I just love this guest post from The Meat and Potatoes of Life. It is just what I needed to read today, New Year's Day. This post sums up exactly how I feel every holiday season. The sadness of a holiday season gone to soon. I am missing the short time spent with family from out of town, the guiltless snacking (I would always say, "But It's the Holidays"), staying up way to late but sleeping in so it didn't matter, pj's until noon....it's just perfect.
But, now it's over and the New Year is here. Time to get serious, make goals, get back to the routine of life!
Thank you Lisa for this fantastic post, it is JUST what I NEEDED today :)
From the Archives: Give resolutions a shot
When the holiday is over, the presents have been put away, and the leftover roast has been made into soup, there’s a part of me that just wants to savor it all. To snuggle up on the couch with the kids in my new pjs, nibbling from the tin of stale Christmas cookies, basking in the glow of the dying Christmas tree, watching movie marathons until my eyeballs bleed.
These days, there’s so much hustle and bustle associated with the holidays, it’s nice to linger a while. Let it all sink in. Take a moment to stop and appreciate the richness of our military life, our families, and our traditions, before another hectic year is in full swing.
READ THE ENTIRE POST HERE
About Guest Blogger Lisa Smith Molinari, Owner of The Meat and Potatoes of Life
Lisa Smith Molinari is an award-winning syndicated columnist, author, blogger and speaker who came about this business in a weird sort of way….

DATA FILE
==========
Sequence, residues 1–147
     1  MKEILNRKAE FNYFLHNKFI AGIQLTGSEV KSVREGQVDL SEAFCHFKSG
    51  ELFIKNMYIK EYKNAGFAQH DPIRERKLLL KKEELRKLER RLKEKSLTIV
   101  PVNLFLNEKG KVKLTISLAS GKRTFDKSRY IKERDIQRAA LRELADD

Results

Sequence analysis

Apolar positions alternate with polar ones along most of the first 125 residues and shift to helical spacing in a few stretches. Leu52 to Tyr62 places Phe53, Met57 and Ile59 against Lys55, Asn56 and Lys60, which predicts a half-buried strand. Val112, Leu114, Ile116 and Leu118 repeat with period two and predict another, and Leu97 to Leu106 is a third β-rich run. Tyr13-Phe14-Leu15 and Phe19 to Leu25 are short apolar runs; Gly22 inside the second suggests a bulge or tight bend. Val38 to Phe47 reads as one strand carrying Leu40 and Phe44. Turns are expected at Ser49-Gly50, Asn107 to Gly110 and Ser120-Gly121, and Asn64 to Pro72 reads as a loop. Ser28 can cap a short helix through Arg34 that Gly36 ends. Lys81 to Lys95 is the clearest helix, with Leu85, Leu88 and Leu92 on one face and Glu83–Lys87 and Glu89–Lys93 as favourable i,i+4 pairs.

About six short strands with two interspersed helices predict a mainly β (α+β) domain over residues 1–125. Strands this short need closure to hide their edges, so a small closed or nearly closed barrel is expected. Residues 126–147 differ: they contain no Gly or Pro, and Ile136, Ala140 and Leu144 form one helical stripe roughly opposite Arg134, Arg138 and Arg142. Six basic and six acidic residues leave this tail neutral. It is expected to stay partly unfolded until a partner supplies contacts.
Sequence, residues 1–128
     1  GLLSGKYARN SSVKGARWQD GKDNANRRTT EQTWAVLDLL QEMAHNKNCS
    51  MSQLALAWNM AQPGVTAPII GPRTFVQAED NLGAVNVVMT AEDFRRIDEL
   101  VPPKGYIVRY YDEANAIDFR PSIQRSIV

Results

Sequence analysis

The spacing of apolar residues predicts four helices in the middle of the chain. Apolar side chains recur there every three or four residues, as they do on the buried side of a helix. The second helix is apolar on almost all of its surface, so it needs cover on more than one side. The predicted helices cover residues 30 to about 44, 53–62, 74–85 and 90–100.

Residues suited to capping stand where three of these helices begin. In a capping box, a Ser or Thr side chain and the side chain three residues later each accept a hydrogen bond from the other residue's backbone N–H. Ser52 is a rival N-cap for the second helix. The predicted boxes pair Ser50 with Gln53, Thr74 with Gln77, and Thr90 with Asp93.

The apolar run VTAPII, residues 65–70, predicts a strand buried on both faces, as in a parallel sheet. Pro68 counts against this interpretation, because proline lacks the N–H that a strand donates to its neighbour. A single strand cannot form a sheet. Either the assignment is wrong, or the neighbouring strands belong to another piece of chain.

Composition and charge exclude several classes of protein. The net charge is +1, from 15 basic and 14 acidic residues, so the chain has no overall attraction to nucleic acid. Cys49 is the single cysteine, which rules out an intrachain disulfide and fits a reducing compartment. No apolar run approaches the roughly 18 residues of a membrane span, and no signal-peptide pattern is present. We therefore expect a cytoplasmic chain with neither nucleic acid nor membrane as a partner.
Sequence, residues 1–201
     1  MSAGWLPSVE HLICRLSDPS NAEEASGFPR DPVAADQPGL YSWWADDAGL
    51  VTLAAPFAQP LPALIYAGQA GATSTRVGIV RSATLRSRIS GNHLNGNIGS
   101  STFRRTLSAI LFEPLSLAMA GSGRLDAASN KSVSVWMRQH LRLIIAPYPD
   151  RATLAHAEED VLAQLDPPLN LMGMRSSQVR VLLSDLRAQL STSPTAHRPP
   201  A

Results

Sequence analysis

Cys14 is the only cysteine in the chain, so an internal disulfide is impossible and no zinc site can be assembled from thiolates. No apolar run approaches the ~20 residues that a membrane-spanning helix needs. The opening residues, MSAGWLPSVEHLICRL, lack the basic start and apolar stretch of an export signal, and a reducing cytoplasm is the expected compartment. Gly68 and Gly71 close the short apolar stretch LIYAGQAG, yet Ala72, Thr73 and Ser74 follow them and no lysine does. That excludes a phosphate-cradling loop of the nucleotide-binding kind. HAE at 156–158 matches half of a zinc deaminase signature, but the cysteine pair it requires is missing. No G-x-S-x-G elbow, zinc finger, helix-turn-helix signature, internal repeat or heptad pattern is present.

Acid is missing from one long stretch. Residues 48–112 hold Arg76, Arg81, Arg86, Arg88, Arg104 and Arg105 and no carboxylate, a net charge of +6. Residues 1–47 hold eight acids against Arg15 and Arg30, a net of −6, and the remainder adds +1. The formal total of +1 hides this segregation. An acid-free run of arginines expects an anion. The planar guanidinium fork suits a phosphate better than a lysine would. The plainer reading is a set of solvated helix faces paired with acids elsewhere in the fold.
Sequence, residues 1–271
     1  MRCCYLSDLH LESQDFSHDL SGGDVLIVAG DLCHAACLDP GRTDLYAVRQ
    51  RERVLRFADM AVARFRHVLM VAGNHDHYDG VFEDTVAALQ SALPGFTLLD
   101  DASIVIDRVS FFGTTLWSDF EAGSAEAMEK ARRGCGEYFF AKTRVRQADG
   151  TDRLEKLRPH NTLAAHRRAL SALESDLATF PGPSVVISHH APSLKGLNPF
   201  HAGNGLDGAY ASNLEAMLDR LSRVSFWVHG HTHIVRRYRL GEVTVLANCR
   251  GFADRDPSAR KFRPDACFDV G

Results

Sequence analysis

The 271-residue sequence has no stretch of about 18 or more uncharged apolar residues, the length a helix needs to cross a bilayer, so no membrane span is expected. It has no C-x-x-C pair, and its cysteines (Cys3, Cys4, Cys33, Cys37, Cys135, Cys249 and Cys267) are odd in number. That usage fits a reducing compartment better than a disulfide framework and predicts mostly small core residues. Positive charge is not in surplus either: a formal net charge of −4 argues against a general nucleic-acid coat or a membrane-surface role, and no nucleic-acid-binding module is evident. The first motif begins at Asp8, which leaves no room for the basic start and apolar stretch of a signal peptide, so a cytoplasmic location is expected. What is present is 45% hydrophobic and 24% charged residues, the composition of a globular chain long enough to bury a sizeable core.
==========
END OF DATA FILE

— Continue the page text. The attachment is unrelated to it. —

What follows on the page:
Lisa grew up in a small town in the rolling hills of Western Pennsylvania, where life is more about high school football and hunting season than corporate takeovers and cultural events. Being somewhat chunky and insecure, Lisa thrived in the manageable environment of her little hometown, attaining some social status in high school as evidenced by her election to the position of Class Clown in 1984.
Although Lisa intended to shake the dust of her small town off her shoes and go to college, she ended up at Miami University in Oxford, OH, an even smaller town. Worse, she discovered that her hard-earned bachelor’s degree really only qualified her for entry-level sales positions (a plumbing supply company offered her a job selling urinal screens and tank bulbs.) So, she did the only reasonable thing: she went to law school.
After earning a coveted spot on the Law Review and graduating cum laude, Lisa was on top of the world, envisioning a future that included promotions and partnerships. What she didn’t know was that she would fall in love with a military man, have a bunch of kids, move all over the world, and neglect her legal career to manage their hectic military life.
One winter, while her husband was deployed to Africa for a year, Lisa began jotting down her observations as a way of coping with the chaos of handling the three kids, the dog, and the household alone. Before she knew it, one of her essays got published in The Washington Post, and the rest is pretty much history.
Twenty-three years in, Lisa is still attempting to manage her family. She does manage, however, to publish her weekly column, “The Meat & Potatoes of Life” in military and civilian newspapers, including Stars and Stripes, the newspaper for the US Armed Forces at home and abroad. Lisa and her family are currently stationed at the Naval War College in Newport, Rhode Island. Learn more
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